NH Reports 9 More Coronavirus Cases, Gov. Issues 3 Financial Relief Orders

The state has now reported 26 cases of COVID-19

NBC10 Boston

Nine more cases of the new coronavirus were found in New Hampshire, state health officials announced Tuesday, as the governor issued several orders to help residents' finances amid the coronavirus outbreak.

The new cases, in people from Rockingham (4), Hillsborough (3) and Grafton (2), bring the state's total to 26, none of whom have required hospitalization, the New Hampshire Department of Health and Human Services said in a statement. State Epidemiologist Benjamin Chan said the new cases show the "outbreak is intensifying."

“The State has put into place measures to help prevent larger scale transmission at schools and larger gatherings; however, it is critical for everybody to monitor themselves for symptoms of COVID-19 and practice social distancing," he said in a statement. "We know that this novel coronavirus can be spread very easily through close contact, and the virus can be spread even when people are only having very mild early symptoms of illness.”

Tuesday also brought the announcement from Gov. Chris Sununu that New Hampshire residents struggling to pay their rent or mortgage will be protected from eviction and foreclosure and utility companies will not be permitted to shut off services due to nonpayment.

Electric, gas, water, telephone, cable, VOIP, internet service and deliverable fuel services are included in the emergency order.

The governor is also expanding access to unemployment benefits for those whose work situation has been altered by measures set in place to slow the growth of COVID-19, as well as individuals who need to self-quarantine, receive treatment , care for children due to school closures or help a loved one who has become sick.

Sununu said that the moves were just the first steps in a long line of precautions put in place, while "a new norm" takes effect. The announcement comes just a day after announcing new guidelines to slow the spread of COVID-19.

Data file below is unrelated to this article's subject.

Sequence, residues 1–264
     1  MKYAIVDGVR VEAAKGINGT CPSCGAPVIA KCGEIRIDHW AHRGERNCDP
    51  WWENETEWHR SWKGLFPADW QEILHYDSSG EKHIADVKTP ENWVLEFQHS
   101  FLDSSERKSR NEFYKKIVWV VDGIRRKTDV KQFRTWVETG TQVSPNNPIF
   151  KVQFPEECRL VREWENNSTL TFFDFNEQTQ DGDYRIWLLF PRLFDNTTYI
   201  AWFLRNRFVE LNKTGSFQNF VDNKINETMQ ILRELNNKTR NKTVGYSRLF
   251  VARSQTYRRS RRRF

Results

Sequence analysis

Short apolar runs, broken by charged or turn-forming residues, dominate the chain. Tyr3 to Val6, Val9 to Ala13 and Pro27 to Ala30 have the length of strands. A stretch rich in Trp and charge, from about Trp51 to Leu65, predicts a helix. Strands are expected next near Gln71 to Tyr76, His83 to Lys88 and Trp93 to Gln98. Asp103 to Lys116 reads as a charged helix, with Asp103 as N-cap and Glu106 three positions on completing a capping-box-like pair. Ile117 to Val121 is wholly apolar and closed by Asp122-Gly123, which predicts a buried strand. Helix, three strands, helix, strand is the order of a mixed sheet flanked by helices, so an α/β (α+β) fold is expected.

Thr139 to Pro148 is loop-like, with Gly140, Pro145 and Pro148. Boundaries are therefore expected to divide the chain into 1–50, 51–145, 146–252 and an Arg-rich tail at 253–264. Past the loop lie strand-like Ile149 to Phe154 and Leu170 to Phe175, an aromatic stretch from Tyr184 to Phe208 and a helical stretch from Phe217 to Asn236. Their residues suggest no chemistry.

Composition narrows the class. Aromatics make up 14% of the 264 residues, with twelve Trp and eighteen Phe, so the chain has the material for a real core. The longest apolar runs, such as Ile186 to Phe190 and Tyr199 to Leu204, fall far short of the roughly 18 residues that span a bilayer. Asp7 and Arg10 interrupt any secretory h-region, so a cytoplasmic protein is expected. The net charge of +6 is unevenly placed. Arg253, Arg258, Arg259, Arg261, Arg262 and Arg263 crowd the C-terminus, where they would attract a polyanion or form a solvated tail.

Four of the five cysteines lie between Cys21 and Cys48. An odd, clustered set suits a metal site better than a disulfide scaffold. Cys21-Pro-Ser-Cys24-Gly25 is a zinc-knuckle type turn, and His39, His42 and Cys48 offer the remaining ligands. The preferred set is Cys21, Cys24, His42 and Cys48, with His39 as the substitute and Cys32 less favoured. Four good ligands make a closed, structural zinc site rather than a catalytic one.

"When we do things as a community, we do it really really well, and so far, we’re weathering this storm," Sununu said.

In an effort to increase social distancing, anyone with an expiring driver's license is allowed to apply for a six month extension either over the phone or online. Anyone with a temporary license plate can apply for an extension the same way.

With 17 cases of COVID-19 reported in New Hampshire, Sununu Monday announced new guidelines including restricting restaurant business to takeout and delivery only and banning of public gatherings of 50 people or more.

The order impacting restaurants and public gatherings is to remain in effect until April 7.

"Tough decisions have been made at the state level, but we will get through this together," Sununu said in a news release. "Seeing what the lack of an appropriate response has resulted in around the world requires that we make some difficult decisions here in New Hampshire."

Schools in New Hampshire are closed, courts are significantly scaling back and elective medical procedures are being delayed in an effort to contain the coronavirus.

Health officials have said they believe all of the state's cases were infected via international travel, domestic travel or close contact with another patient.

None of them have been hospitalized. For most people, the virus causes mild or moderate symptoms such as fever and cough, and the vast majority recover.

For some, especially older adults and people with existing health problems, it can cause more severe illness, including pneumonia, or death. People with mild illness recover in about two weeks, while those with more severe illness may take three to six weeks to recover, according to the World Health Organization.

The governor said he will issue directives to make sure parents who need to miss work to care for children would be able to access state unemployment benefits. He also said the state would expand access to childcare.

Copyright AP - Associated Press
Contact Us